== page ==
On 2/21/2018 7:58 PM, Susheel Kumar wrote:
Below output for prod machine based on the steps you described.  Please
take a look.  The solr searches are returning fine and no issue with
performance but since last 4 months swap space started going up. After
restart, it comes down to zero and then few weeks, it utilization reaches
to 40-50% and thus requires restart of solr process.

I bet that if you run this command, it will show you a value of 60:

cat /proc/sys/vm/swappiness

This makes the OS very aggressive about using swap, even when there is absolutely no need for it to do so.

If you type the following series of commands, it should fix the problem and prevent it from happening again until you reboot the system:

echo "0" > /proc/sys/vm/swappiness
swapoff -a
swapon -a

Note that when the swapoff command runs, it will force the OS to read all the swapped data back into memory.  It will take several minutes for this to occur, because it must read nearly a gigabyte of data and figure out how to put it back in memory. Both of the command outputs you included say that there is over 20GB of free memory.  So I do not anticipate the system having problems from running these commands.  It will slow the machine down temporarily, though -- so only do it during a quiet time for your Solr install.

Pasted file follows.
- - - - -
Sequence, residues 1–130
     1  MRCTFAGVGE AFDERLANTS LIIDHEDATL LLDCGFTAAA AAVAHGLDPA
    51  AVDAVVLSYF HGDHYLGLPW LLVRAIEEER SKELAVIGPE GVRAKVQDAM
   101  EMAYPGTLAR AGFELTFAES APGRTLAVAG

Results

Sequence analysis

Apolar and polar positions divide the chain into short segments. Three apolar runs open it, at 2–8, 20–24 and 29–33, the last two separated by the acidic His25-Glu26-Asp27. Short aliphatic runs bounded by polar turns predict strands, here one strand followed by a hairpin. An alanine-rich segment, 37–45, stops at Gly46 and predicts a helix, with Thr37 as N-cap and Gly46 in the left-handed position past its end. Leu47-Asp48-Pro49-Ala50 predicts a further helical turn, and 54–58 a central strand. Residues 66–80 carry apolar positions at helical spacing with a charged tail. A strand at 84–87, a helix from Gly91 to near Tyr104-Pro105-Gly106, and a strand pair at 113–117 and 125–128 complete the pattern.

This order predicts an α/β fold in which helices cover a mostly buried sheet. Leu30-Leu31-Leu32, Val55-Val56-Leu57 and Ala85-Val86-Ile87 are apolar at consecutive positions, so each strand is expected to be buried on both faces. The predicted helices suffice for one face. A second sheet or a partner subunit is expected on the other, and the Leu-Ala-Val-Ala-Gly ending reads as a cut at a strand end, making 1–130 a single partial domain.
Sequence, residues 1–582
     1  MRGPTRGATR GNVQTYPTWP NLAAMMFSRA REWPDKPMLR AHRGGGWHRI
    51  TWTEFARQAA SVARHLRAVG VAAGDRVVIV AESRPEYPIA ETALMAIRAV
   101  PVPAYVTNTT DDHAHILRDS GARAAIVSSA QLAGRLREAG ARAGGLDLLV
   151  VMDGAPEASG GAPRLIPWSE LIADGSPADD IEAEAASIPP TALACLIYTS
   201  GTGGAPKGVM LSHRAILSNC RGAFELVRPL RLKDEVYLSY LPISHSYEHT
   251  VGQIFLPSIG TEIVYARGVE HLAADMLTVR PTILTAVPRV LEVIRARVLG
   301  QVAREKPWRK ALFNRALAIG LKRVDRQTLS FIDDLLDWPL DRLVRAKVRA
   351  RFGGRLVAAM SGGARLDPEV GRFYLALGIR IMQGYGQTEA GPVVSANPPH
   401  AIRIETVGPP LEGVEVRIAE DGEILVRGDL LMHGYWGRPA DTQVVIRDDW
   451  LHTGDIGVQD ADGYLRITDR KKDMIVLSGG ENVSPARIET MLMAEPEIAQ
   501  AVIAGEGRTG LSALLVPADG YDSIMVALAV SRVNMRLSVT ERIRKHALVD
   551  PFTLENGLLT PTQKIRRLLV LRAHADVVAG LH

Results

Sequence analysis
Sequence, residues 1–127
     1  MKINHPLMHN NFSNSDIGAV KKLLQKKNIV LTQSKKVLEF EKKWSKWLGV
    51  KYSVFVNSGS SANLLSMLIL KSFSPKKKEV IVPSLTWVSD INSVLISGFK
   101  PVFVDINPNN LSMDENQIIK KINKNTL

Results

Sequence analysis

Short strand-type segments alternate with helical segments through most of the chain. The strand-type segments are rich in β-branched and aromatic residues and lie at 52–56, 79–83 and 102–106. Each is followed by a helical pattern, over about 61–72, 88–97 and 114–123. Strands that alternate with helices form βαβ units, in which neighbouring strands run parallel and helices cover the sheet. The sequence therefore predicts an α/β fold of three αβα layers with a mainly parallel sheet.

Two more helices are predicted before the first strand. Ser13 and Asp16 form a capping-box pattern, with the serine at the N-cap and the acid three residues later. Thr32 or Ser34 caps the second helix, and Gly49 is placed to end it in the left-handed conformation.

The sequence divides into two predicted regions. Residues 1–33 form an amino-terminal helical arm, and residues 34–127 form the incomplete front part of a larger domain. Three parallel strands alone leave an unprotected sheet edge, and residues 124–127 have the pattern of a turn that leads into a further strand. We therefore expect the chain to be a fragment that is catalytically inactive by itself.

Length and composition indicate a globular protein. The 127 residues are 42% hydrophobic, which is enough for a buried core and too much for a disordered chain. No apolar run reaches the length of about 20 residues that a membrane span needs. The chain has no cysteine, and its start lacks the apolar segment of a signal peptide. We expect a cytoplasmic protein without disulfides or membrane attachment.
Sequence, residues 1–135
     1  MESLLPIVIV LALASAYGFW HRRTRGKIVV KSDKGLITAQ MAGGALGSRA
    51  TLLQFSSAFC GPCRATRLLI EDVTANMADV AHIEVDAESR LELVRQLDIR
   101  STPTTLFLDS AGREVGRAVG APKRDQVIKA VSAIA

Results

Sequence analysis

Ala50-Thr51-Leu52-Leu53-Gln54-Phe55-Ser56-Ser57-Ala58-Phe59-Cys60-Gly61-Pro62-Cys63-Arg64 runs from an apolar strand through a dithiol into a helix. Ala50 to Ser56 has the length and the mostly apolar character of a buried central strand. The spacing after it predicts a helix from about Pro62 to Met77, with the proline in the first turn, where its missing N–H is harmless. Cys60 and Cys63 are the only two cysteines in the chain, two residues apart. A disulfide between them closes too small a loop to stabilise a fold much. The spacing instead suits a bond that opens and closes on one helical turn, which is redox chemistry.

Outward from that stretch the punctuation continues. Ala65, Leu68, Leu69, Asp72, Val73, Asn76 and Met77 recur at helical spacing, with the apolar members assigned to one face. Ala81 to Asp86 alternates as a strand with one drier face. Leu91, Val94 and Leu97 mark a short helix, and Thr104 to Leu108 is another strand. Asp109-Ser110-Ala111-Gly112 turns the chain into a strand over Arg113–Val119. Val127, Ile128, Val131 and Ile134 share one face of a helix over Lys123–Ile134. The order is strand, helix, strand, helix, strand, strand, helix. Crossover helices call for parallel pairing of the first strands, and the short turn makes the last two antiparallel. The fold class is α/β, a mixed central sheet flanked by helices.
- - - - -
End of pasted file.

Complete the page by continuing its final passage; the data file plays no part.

To make this setting survive a reboot, find the sysctl.conf file somewhere in your /etc directory and add this line to it:

vm.swappiness = 0

This setting does not completely disable swap.  If the system finds itself with real memory pressure and actually does NEED to use swap, it still will ... it just won't swap anything out before it's actually required.

I do not think the behavior you are seeing is actually causing problems, based on your system load and CPU usage.  But what I've shared should fix it for you.


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